Ancient human species may have gone extinct because of climate change

Researchers say several Homo species lost a significant portion of their climatic niche space before they went extinct.

While most scientific records indicate that the genus Homo evolved over 2 to 3 million years ago, what caused their extinctions remains contested. Modern humans, Homo sapiens, are the only hominins that have survived millions of years of changing conditions, and a study published in the journal One Earth speculates that the role climate change played in the extinction of ancient human species is largely overlooked.

The Homo genus is divided into at least six species, but the researchers say attention is mostly drawn to the disappearance of the Neanderthals, due to their relative similarities to ancient H. sapiens. The study says that “almost all existing [studies] point to either climate change or to contact with the technologically advanced H. sapiens as the potential causal explanations.”

The researchers say that competition, both between several species or within a species, and climate changes are considered to be “the most important factors explaining species extinction.”


Six of the species in our Homo genus were investigated by the researchers to determine the influence environmental changes had on their survival. Fossil records were referenced to simulations of the climates that these species lived in, which included factors such as rainfall, temperature, and the amount of carbon dioxide ecosystems were capturing from the atmosphere.

homo erectus model credit: wikimedia commons

Model of a Homo erectus head at the Natural History Museum in London, England. Credit: Emőke Dénes/ Wikimedia Commons

Fossil records indicate that all six Homo species exhibited niche conservatism during their existence, which means that they spent most of their time in specific environments, likely due to the suitable climate and natural resources that were available. However, the researchers note that this might have made them particularly sensitive to changes in the climate, which would have been difficult to adapt to.

Content continues below

The data revealed that three Homo species experienced a sudden shrinkage in their climatic niche right before they vanished. Two extinct species, H. heidelbergensis and H. erectus, faced “highly unusual climatic conditions before extinction.”

The H. erectus settled under the warmest, most humid climates that were available in their region in South East Asia. The researchers said that unsurprisingly, the extinction of H. erectus occurred during the last glacial period, which was the coldest climate that species had ever endured. The H. heidelbergensis found themselves in the same predicament as they also lived in relatively warm areas in the Indian sub-content and Southern Asia.

Independent artist interpretation of homo erectus. credit: wikimedia commons

An independent artist's intrepretation of a Homo erectus. Credit: Cicero Moraes/Wikimedia Commons

The Neanderthals lived in more arid, warm climates in the Mediterranean area, but were less vulnerable than the H. heidelbergensis and H. erectus to extinction caused by climate change. The calculations revealed that H. sapiens were widening its climatic niche as the Neanderthals vanished. The study notes that the causes for the Neanderthals’ demise are widely contested and likely include a number of factors, but asserts that climate change likely had a significant influence.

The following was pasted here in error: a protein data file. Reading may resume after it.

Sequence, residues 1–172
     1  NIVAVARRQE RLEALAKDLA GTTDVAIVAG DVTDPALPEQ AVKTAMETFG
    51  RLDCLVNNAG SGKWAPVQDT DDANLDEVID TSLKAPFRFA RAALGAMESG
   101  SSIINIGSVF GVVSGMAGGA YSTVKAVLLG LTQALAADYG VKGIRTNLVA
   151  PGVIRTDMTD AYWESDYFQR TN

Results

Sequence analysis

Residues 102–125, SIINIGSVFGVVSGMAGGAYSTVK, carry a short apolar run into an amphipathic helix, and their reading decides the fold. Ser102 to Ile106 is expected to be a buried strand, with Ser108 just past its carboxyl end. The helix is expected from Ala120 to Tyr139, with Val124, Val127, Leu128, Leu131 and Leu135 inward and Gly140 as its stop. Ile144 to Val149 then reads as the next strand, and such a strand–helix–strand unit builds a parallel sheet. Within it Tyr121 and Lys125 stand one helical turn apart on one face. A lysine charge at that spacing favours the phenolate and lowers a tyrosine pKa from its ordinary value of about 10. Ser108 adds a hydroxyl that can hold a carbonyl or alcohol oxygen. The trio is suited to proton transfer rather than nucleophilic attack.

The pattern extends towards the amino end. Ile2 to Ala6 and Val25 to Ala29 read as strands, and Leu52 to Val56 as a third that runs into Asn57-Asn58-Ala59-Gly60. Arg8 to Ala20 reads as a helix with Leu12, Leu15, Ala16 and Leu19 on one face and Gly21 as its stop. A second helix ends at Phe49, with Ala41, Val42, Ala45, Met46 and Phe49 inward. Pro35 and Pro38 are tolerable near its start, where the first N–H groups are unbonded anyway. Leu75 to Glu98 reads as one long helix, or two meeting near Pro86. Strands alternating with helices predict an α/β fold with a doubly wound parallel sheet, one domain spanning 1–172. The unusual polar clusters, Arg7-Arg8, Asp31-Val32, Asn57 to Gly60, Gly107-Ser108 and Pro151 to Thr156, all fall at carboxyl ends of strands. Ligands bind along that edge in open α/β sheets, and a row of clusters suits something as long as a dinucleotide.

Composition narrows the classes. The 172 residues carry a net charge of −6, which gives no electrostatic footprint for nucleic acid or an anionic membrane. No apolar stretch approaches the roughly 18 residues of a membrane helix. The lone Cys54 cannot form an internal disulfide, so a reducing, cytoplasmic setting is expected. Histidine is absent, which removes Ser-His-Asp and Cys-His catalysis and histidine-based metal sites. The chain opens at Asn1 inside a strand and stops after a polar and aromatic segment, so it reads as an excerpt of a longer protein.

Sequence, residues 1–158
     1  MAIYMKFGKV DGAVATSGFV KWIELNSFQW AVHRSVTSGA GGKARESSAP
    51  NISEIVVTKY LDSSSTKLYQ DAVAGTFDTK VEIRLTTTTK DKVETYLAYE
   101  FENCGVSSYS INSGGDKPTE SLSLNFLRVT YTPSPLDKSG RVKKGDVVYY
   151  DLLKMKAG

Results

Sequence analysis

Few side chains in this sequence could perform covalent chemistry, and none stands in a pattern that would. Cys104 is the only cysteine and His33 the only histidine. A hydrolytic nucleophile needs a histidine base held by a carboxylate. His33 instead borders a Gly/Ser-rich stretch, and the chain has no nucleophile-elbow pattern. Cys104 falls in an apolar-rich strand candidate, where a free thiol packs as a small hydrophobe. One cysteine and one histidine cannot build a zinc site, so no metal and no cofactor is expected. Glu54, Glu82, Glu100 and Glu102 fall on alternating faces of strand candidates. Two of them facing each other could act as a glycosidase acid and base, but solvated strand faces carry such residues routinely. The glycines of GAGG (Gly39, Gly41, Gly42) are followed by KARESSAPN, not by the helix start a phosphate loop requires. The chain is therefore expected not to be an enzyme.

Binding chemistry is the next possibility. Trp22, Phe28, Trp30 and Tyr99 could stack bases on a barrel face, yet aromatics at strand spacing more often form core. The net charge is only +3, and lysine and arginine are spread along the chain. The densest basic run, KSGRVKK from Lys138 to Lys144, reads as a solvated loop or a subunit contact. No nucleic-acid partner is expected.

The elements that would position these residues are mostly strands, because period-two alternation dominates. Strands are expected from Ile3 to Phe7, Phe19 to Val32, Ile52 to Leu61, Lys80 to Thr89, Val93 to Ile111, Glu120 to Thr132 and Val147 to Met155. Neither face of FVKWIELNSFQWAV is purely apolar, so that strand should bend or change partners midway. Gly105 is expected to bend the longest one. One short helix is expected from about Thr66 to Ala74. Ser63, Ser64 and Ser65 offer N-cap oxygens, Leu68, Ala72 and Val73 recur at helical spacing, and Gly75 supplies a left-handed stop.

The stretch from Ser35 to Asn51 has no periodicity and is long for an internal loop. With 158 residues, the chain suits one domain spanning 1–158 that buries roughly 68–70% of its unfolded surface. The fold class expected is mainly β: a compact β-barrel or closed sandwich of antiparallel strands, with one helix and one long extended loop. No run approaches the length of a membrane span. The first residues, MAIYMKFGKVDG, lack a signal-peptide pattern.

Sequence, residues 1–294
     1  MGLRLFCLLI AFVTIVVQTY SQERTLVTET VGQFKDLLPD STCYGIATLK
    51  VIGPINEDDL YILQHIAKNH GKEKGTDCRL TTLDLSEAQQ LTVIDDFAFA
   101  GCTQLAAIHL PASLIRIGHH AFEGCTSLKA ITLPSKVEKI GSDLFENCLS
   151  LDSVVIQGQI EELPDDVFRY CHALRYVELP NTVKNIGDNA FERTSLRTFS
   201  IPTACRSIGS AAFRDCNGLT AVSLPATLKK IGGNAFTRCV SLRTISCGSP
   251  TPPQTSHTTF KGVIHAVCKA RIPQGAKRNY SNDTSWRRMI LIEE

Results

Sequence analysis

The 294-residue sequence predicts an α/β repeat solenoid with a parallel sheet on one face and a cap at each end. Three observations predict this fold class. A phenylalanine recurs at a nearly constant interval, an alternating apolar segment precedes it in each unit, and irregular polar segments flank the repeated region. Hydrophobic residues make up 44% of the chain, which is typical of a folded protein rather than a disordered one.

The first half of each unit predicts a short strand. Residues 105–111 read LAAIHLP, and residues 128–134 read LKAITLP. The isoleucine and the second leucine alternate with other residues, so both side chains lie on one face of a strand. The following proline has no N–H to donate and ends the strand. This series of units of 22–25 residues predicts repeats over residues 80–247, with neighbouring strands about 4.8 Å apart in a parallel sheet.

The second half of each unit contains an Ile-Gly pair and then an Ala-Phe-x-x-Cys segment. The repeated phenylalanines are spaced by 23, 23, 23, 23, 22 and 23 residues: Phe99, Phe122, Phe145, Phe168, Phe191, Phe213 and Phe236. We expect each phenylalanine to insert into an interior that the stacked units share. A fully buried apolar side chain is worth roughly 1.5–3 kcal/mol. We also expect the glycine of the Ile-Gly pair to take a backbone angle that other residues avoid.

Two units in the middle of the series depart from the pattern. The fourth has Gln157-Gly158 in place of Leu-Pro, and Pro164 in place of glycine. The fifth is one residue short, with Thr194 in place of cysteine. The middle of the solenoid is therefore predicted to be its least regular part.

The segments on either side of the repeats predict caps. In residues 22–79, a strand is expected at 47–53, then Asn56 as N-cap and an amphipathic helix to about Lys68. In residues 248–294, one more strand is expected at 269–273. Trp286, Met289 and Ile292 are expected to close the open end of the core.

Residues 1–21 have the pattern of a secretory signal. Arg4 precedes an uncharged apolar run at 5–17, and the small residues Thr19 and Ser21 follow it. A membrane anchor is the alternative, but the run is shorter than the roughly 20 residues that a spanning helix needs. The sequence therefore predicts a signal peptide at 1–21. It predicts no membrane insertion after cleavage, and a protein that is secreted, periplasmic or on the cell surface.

The researchers say that their findings provide the “first strong evidence that climate change was a common extinction factor shared by all our ancestors.”


In terms of Earth’s evolutionary biology, extinction is a normal event as genetics change with each successive generation, habitats are lost, or other environmental stressors, such as asteroids, strike. However, the study emphasizes that climate change has wiped out thousands of species, and is certainly capable of repeating itself.

Content continues below

“For vanished human species, extinction had a candid, unquestionable climatic drive, which in the case of Neanderthals adds to the effect of competition with ourselves. Notably, Homo sapiens is the only species whose climatic niche was still expanding toward the end of our analysis, when the Neanderthals went extinct,” the study states.

Neanderthals during the pleistocene. Credit: NASA/Caltech

Artist's rendition of Earth approximately 60,000 years ago during the Pleistocene. Credit: NASA/JPL-Caltech

Several cognitive skills, including fire control, garment making, and the ability to travel were all cited as reasons for why H. sapiens were able to survive ancient climate change. While the researchers note that the methodology they used for this study cannot be used to model the future of H. sapiens, they emphasize that our future depends on the health of the planet.

"Even the brain powerhouse in the animal kingdom, [the Homo genus], cannot survive climate change when it gets too extreme," says paleontologist Pasquale Raia, of the University of Naples Federico II, one of the study's authors in an interview with Sapiens.

"People should mind that, given the current mayhem we are causing."

Thumbnail credit: ©Adobe Stock